The big horse barn behind the house was totally destroyed by a fierce fire in 1931.

“After the Prohibition Era ended, my father applied for either the first or second liquor license in Manville and converted the downstairs or the home into a place where drinks were served to the general public. Looking back at that decision, I realize that in my father’s mind it was the correct thing to do, but I really wish the borough would have purchased it for municipal offices. Manville would’ve had the most magnificent Borough Hall in the entire United States.”

In the late 40s the Nebbs sold thier mansion to Charles Esterhoy, then followed Nick Lebedz, Joe Cimino and Jim and Joan Wirzman as owners.

Additions have been made and at the same time items such as the once famous cupola and the front porch have been removed, and yet dominating essence of the structure remains today as Wirzman’s Inn.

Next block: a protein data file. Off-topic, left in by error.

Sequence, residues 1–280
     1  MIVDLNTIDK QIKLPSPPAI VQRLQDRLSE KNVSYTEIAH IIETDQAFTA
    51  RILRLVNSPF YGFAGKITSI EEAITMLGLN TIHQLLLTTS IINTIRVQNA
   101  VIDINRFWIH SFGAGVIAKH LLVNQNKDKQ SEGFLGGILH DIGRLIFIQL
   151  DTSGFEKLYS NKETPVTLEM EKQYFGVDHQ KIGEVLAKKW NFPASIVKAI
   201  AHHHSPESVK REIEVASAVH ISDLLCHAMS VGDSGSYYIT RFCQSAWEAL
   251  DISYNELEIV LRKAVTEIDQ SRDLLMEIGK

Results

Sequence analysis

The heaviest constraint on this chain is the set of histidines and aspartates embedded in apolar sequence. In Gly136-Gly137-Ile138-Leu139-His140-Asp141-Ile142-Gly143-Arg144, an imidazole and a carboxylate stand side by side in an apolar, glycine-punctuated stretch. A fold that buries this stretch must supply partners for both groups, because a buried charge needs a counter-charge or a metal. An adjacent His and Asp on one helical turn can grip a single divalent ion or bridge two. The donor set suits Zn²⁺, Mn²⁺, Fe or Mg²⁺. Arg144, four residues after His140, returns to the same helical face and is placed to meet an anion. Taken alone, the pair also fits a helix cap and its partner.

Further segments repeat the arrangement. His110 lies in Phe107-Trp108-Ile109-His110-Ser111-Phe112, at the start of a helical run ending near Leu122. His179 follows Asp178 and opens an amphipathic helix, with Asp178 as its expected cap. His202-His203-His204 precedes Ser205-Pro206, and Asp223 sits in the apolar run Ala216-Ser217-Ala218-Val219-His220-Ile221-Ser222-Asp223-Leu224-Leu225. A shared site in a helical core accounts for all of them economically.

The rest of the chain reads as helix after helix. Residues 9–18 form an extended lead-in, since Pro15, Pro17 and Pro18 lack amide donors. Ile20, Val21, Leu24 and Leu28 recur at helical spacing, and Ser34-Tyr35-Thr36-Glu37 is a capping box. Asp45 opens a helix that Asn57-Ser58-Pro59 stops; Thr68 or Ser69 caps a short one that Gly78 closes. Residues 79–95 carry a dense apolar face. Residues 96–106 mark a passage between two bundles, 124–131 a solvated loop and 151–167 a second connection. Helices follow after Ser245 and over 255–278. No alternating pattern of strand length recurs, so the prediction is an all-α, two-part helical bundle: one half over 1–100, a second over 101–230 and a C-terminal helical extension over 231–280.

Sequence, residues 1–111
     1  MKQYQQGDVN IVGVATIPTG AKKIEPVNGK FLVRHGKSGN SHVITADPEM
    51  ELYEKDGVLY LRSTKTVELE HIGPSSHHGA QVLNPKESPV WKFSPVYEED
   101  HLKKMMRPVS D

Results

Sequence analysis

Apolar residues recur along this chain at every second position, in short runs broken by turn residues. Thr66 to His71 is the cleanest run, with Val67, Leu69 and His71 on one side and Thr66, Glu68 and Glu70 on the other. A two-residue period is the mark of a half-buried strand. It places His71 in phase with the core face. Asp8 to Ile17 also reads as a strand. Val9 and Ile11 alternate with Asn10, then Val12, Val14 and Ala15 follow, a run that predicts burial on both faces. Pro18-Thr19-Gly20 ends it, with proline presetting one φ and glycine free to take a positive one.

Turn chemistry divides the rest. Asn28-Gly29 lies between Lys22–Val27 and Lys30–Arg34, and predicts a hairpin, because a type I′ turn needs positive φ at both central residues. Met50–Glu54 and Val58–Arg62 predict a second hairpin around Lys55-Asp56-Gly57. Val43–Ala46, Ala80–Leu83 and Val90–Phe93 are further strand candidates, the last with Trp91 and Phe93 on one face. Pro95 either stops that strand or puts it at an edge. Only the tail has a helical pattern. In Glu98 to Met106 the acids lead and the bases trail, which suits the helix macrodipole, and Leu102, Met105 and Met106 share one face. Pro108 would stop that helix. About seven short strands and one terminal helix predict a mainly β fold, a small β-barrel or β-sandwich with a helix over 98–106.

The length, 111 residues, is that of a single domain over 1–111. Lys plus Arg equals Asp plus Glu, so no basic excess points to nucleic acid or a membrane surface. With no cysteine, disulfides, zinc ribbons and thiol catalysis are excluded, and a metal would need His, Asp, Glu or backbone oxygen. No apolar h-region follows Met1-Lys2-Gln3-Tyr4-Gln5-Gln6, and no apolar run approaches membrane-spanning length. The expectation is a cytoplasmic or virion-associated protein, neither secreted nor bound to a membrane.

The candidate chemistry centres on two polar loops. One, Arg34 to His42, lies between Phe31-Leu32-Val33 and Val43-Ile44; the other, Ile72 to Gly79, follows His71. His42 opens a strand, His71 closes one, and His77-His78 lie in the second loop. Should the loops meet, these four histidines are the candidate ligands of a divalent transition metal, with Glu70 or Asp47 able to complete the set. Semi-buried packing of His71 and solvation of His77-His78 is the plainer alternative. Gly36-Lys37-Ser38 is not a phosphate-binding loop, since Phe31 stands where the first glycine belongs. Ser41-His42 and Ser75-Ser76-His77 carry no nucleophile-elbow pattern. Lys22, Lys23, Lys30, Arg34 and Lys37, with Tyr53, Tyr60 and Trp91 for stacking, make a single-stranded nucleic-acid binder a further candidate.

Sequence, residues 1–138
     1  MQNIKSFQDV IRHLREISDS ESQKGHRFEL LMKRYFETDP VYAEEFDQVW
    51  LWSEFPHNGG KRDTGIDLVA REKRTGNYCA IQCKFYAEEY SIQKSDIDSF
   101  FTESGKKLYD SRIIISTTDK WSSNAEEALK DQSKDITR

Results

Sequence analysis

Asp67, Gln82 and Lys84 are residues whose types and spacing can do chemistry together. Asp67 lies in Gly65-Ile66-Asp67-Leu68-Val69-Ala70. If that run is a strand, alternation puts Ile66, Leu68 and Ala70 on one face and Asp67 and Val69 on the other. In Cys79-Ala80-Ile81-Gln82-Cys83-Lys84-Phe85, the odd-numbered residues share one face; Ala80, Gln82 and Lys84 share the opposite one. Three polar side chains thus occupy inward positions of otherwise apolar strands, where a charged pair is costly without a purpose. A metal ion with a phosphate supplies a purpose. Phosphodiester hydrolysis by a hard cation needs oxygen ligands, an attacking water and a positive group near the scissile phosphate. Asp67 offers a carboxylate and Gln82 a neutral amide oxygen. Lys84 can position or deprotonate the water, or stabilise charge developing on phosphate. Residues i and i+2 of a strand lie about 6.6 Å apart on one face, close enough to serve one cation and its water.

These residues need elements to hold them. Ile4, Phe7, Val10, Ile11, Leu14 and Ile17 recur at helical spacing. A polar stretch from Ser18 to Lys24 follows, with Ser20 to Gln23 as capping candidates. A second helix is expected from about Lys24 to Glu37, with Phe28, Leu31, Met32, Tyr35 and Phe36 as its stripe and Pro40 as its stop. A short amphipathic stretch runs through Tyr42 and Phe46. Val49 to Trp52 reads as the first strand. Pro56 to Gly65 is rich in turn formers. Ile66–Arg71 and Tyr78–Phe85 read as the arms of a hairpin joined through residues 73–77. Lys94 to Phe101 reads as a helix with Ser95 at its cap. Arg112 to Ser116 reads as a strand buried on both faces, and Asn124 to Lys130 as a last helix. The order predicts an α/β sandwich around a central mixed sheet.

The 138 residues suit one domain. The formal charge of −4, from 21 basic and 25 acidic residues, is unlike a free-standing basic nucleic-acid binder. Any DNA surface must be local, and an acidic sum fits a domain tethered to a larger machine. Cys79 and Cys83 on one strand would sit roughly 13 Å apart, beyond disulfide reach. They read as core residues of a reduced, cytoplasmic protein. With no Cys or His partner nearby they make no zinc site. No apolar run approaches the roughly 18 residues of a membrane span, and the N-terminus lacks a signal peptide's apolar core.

“It’s quite a place,” said the Wirzmans’ in a recent interview. “It’s history and background are extremely interesting. We are trying to restore some of the old class that was here over a century ago. ”

Once in a while, after we close up, we leave a drink of brandy on the bar for the captain and in the morning the glass is empty.”

This illustration appeared in the original Manville News article. Click to Elnarge

Joe Patero’s Manville Memos • “Liberty Hall”

Dan Nebb

Manville Memos was a great column that appeared weekly in The Manville News in the 80’s. They were written by Joe Patero after some of his interviews with folks from around town. This particular one from 1983, is part 2 of a three part interview with Dan Nebb who’s parent’s owned Capt. Frederick Davey’s old Manville estate, which later became The Elmcrest Inn. If you missed part one you can click here.

Dan Nebbs • Part 2 of 3 • “Liberty Hall”

An old building used to be on the east side of South Main Street. Now there is a bank there, but Dan Nebb, the son of the builder of that old building remembers it vividly.